Let's grow grape vines in Washinton!
December 18, 2007 10:47 AM   Subscribe

What wine grapes (if any) would grow successfully just outside of Kelso, Washington? Ideally, they would be low maintenance as far as grapes go. Would be looking to graft 2 or 3 year old plants. It's cold in the winter, hot in the summer and wet all the time.
posted by guruguy9 to Home & Garden (10 answers total)
Response by poster: Also, this would be purely for fun (output < 50 bottles).
posted by guruguy9 at 10:47 AM on December 18, 2007

Some things you'd need to determine: how cold in winter, what type of soil, exposure, topography (grapes are often grown on slopes because of the good drainage required). Also: red or white? You might begin by looking at what local vineyards are growing.
posted by oneirodynia at 10:58 AM on December 18, 2007

I can't recommend a specific cultivar, but the Washington State University Viticulture Extension is where I woul start. They have several articles on that page on choosing varieties for specific areas, and I'm sure if you gave them a call they'd have an extension agent who'd be happy to help.
posted by jocelmeow at 11:00 AM on December 18, 2007

also: though there's no easy way to search, you may find this database (and associated links) useful. Browsing North American hybrids might be a good place to start. You may find German varieties that are grown under similar cultural conditions as you have- colder and wetter than Mediterranean grapes prefer, for example.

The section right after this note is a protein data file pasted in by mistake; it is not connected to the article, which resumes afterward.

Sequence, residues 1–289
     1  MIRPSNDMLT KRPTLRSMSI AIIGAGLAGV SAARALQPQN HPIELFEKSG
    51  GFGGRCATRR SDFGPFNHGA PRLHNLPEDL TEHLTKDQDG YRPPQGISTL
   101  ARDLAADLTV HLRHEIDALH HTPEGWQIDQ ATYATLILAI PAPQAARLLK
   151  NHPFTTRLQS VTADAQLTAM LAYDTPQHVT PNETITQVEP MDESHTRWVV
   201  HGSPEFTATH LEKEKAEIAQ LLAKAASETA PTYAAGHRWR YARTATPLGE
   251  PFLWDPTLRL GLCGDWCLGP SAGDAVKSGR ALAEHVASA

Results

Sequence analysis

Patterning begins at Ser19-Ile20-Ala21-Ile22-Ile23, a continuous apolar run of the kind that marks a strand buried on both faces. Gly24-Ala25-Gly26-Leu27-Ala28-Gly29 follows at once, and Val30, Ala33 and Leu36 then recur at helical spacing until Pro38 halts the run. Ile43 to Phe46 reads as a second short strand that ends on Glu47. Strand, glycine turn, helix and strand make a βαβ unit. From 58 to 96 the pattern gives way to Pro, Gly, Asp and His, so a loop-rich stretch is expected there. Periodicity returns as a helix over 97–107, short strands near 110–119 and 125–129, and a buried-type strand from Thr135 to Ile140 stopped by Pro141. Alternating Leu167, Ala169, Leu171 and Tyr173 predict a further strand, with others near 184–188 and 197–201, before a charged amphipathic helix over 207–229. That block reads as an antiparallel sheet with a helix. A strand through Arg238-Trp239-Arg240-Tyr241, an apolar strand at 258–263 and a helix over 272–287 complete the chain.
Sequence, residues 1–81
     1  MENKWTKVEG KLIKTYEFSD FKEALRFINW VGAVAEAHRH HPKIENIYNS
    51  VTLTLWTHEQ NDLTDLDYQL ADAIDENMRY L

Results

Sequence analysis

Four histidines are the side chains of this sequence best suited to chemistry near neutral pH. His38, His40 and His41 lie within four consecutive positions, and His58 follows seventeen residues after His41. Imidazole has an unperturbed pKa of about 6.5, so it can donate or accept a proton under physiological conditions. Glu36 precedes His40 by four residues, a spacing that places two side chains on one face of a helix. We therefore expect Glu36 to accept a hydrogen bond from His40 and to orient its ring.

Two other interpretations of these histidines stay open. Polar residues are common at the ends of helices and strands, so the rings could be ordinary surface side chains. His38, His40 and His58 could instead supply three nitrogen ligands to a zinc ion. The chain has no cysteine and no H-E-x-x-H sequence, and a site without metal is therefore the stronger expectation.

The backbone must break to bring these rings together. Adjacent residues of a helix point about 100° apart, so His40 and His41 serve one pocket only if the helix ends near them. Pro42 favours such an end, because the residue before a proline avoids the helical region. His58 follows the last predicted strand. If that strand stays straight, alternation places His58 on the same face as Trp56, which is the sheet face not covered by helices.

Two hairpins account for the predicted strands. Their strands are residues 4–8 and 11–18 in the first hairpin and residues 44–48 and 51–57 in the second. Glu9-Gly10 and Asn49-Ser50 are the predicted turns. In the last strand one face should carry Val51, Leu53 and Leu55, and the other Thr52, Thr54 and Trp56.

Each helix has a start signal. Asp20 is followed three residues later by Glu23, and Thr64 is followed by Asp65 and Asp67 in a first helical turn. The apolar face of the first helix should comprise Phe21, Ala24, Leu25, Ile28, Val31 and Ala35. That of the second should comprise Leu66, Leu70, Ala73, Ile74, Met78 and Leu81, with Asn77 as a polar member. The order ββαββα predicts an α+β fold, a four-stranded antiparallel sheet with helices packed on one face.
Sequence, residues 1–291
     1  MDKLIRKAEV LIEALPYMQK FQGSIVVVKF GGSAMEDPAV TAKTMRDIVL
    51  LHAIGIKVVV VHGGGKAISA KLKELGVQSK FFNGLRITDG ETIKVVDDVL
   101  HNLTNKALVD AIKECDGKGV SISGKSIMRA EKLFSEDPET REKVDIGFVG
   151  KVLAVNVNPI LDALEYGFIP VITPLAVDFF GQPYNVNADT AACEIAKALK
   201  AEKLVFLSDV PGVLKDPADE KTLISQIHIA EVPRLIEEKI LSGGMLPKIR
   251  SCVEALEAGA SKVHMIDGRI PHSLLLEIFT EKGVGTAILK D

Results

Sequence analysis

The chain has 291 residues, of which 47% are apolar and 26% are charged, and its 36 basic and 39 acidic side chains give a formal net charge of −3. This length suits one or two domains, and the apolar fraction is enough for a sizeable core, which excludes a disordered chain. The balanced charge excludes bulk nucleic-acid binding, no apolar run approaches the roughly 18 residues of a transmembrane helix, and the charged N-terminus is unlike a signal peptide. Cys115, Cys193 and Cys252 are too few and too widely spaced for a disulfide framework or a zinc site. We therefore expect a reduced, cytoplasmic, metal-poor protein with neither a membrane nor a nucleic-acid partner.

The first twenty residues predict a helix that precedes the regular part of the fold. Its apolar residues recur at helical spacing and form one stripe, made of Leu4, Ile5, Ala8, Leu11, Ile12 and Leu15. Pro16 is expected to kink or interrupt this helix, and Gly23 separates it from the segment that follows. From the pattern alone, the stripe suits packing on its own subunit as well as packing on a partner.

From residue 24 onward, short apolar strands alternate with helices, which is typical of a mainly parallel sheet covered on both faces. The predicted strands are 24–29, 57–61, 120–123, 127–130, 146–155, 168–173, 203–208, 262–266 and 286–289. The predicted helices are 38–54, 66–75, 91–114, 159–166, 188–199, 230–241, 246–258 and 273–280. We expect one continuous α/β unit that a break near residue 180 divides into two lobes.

posted by oneirodynia at 11:02 AM on December 18, 2007

UC Davis has done lots of extensive research into what grapes grow best where. Check out stuff in and around here.
posted by jeffamaphone at 11:58 AM on December 18, 2007

Barberas seem to be the new hot grape up there.
posted by Sukiari at 12:34 PM on December 18, 2007

My house in Portland came with a few Muscadine grape vines. They're more common in the Southeast, but with nothing more than sporadic pruning they produce a lot and are seemingly indestructible. Unfortunately, muscadine wine is not so good. They do, however, make a fabulous jelly with a unique taste.

Alternately, you should be able to buy juice from homebrew/wine making shops or even buy grapes in bulk from productive vineyards.
posted by turbodog at 2:51 PM on December 18, 2007

I second calling the Washington State University extension people.
posted by catseatcheese at 4:52 PM on December 18, 2007

Response by poster: Thanks everyone! I'm currently looking through these resources...within a few years I may even enjoy a bottle of family wine!
posted by guruguy9 at 5:26 PM on December 18, 2007

Check out Black Ridge Nursery, an organic nursery in Onalaska, WA. The dude there, who has a VERY impressive setup and deep knowledge of all that he grows, produces a huge amount and variety of different plants, included old nut trees, paw paws, kiwis galore, and just about every herbaceous kind of thing you could want. Another positive side of this is that the varieties he'll have there have survived quite well through our kind of weather we get in Western WA (I live in Centralia). Check him out, set up and appointment. He'll be more than happy, I believe, to talk to you about varieties. His 2008 catalog is also available.

posted by ZaneJ. at 1:52 PM on December 22, 2007

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